The publication of the Guidelines coincides with the coming into operation on 1 September 2018 of most of the provisions of the European Union (Planning and Development) (Environmental Impact Assessment) Regulations 2018), which were signed by Minister Murphy on 26 July 2018. These Regulations transpose the requirements of Directive 2014/52/EU, amending previous Directive 2011/52/EU, on the assessment of the effects of certain public and private projects on the environment (the EIA Directive) into planning law.
- Reduced administrative burdens, through the use of joint or coordinated procedures when Appropriate Assessment is required;
- The broadening of environmental factors to be considered in the assessment – population and human health, resource efficiency, climate change, biodiversity and disaster prevention;
- Strengthened screening procedures to determine whether EIA is required in respect of development consent proposals;
- Expansion of the information to be contained in the re-titled Environmental Impact Assessment Report (EIAR);
- A requirement for the developer to employ or engage competent experts to prepare an EIAR and for planning authorities and An Bord Pleanála to have, or have access to, sufficient expertise to examine such reports;
- Decisions of planning authorities and An Bord Pleanála on development proposals must include a reasoned conclusion on the significant effects of the project on the environment;
- Enhanced requirements for public access to information, including by electronic means;
- Requirements to put arrangements in place to avoid, prevent or reduce and, if possible, offset significant adverse effects of a proposed development on the environment, including monitoring of these, where appropriate.
- The Guidelines replace previous Guidelines for Planning Authorities and An Bord Pleanála on carrying out environmental impact assessments published in March 2013. The updated Guidelines are issued by the Minister under section 28 of the Planning and Development Act 2000, as amended, and accordingly planning authorities and An Bord Pleanála are required to have regard to them in determining planning applications and appeals.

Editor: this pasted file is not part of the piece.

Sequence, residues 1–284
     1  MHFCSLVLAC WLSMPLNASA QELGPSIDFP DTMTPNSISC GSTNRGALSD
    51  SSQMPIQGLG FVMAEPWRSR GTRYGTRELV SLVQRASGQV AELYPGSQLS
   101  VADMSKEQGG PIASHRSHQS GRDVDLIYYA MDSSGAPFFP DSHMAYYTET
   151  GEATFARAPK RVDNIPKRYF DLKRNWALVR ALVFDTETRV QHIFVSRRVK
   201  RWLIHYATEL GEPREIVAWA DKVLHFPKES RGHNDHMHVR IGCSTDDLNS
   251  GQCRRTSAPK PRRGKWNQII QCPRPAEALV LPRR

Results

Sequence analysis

Republic of Ireland Centre Technical Sub-Committee
The Republic of Ireland Centre Technical Sub-Committee is urgently seeking new members who are willing to give a little time to reviewing and commenting on upcoming legislation and regulation affecting architectural technologists in Ireland.
For further information contact Denise Germaine MCIAT, [email protected].
 About this article
This article was provided by the Chartered Institute of Architectural Technologists (CIAT) and was previously published in its AT Journal Issue No 128, Winter 2018-2019. It can be accessed here.
 Related articles on Designing Buildings Wiki
- Approved documents.
- Approved inspector.
- Building control bodies.
- Building control Northern Ireland.
- Building notice.
- Northern Ireland planning policy.
- Planning permission.
- Scottish building standards.
- Statutory approvals.
- Statutory authorities.
- The Building Act.
- United Kingdom.
Featured articles and news
Insights from New York.
A quick introduction to a very complicated subject.
CIOB suggests the economic reach of construction is double the official figures.
The first US building to achieve BREEAM Outstanding In-Use.
70 buildings from 70 years of Concrete Quarterly. Book review.
Conserving the iron roof at the Albert Dock.
Delivering an infrastructure revolution.
The admissibility of evidence.
How many can you name? 37 anyone?
CIOB respond to the points-based system.
When is the weather considered 'exceptionally adverse'?